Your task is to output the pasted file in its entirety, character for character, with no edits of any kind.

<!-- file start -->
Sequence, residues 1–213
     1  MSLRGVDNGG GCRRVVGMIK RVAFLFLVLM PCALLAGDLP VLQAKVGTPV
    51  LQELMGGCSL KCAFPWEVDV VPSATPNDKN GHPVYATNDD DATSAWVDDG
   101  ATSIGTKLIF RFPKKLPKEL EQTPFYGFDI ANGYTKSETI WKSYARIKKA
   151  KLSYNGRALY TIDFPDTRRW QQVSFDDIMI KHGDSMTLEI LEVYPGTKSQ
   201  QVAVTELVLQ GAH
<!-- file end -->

Sequence, residues 1–213
     1  MSLRGVDNGG GCRRVVGMIK RVAFLFLVLM PCALLAGDLP VLQAKVGTPV
    51  LQELMGGCSL KCAFPWEVDV VPSATPNDKN GHPVYATNDD DATSAWVDDG
   101  ATSIGTKLIF RFPKKLPKEL EQTPFYGFDI ANGYTKSETI WKSYARIKKA
   151  KLSYNGRALY TIDFPDTRRW QQVSFDDIMI KHGDSMTLEI LEVYPGTKSQ
   201  QVAVTELVLQ GAH